2. A conceptual framework of energy statistics

Unfortunately, there seems to be no theory to guide the process of addressing the gaps in energy statistics and, hence, stakeholders in energy statistics have to agree on a set of concepts that provide guidance about how a plan of actions should look like. The paper suggests accepting the following principles:

◦                The definition of energy statistical issues comes from policy debates;

◦                Energy statistics follows modular approach to data integration; and

◦                Optimal energy statistics involve minimal cost per unit of information and clear identification of who bears their costs.

Consider, first, the state of policy debates. A casual look on energy publications reveals three recurring topics. It is common for analysts to refer to numbers on GDP, employment, or international energy trade making a case for or against a particular energy project that can be construction of a new pipeline of development of a new petroleum play. In this case, data users require information on energy commodity chain from upstream down to allow finding numbers on direct and indirect impacts. The latter extend along two dimensions. The geographic or industrial dimension embraces effects that a project makes on jurisdictions or on industries who are stakeholders in the project. The second dimension involves comparing actual situation with forecasted situation or with a desired outcome.

The next topic relates to the determination of optimal energy balance that depends, among other things, on the identification of qualitative social preferences. Data users may express concerns over various issues. For example, they can discuss energy security or problems with trade deficit. These revealed preferences indicate to statisticians the “digitization” of new items they are to initiate.

The final theme has specificity that justifies its inclusion as a separate category although it overlaps with the previous two. Data users reassess constantly the list of traditional energy numbers checking if new items of social importance appear. For example, monitoring carbon dioxide emissions by industrial installations was uncommon a few years ago but growing concern over global climate change has made it a staple of energy statistics nowadays. Debates over items to be included in energy reporting are a controversial topic as proponents and opponents of an energy project may have different perception of their social costs (e.g. environmental costs).

Establishing data priorities constitutes necessary but insufficient condition for defining a statistical system. It has to respond quickly to new policy challenges and to indicate to policy makers omissions in their reasoning. The system must be internally consistent and provide support a single option among opposite policy choices. The System of National Accounts (SNA) is the arrangement that satisfy these conditions. It follows the principle of modularity that is each of its datasets constitutes a separate module linked with the rest of datasets through appropriate statistical methodologies. A grouping of data forms an input-output (I/O) table, which is the key SNA component. They are built on the accounting principle of double entry that precludes the situation when incoherence among interconnected data goes unnoticed. Datasets enter I/O tables in aggregated form but if their totals are inconsistent, the tables become imbalanced indicating discrepancies.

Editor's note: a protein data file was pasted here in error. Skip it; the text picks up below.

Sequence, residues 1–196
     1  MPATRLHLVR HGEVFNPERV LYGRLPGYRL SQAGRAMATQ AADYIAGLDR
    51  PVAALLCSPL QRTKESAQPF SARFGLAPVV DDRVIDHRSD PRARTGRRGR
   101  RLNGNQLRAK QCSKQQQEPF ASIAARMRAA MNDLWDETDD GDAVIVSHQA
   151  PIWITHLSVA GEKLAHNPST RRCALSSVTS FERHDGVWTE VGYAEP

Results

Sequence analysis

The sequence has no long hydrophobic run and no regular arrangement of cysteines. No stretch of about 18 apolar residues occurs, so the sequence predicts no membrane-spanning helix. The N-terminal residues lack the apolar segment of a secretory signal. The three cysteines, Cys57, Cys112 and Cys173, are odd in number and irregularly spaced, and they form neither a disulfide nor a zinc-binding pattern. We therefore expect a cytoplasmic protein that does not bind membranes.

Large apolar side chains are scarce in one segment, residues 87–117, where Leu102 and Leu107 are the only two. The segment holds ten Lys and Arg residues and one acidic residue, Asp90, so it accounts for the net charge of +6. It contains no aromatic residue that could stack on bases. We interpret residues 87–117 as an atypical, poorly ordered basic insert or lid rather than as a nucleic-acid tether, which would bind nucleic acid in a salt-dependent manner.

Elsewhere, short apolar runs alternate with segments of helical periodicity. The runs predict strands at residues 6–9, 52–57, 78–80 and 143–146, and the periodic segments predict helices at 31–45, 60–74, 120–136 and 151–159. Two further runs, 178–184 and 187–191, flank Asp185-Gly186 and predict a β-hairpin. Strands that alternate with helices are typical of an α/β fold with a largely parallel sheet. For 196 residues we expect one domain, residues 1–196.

I/O tables cover only market operations and, to some extent, public activities presentable as quasi-market operations with their costs being proxies for their revenue. Still, the same principle of matrix coverage applies to SNA satellite accounts that represent energy flows in physical units and to any quantifiable socio-environmental effects that energy flows have on producers and consumers. Increase in SNA complexity is beneficial for data quality as data expressed in physical units are confronted with I/O data expressed in dollar terms. Their ratio is analogous to market price and if it is unreasonable, inconsistency is suspected.

As new policy issues appear, it is possible that existing data will not address them properly. However, being a modular structure the SNA allows introducing interfaces in advance of data collection. Thus, as soon as a new issue appears, e.g. it becomes important to measure the amount of carbon dioxide; statisticians can immediately plug in new data to the existing system.

Minimization of data collection costs goes hand in hand with the identification of who pays their cost. In the first respect, administrative data (e.g., tax data or regulatory data) are the cheapest source of energy information that is often underused because of miscommunication among public agencies. As a result, statistical surveys may duplicate information already collected by regulatory bodies. Apart from duplication, surveys end up frequently with datasets of lower quality due to the fact that the response rate is lower and less accurate for statistical reporting. Proper identification of funds for data programs presents another problem. Assuming that statistics is subordinate to social preferences, it follows that statistics can be mandatory only for activities that the law requires to monitor. Consequently, proponents of a new data program that is not supported with the law (carbon dioxide comes again to mind) can rely only on voluntary data reporting.

This paper has been written to attract attention of energy data users to statistical problems and to invite them to share ideas about how the problems can be resolved either at the pages of this publication or during the forthcoming 2012 USAEE North American Conference.

 


[1] Author is a PhD economist working as an independent energy consultant in London, Canada; email: vshkolyar@hotmail.com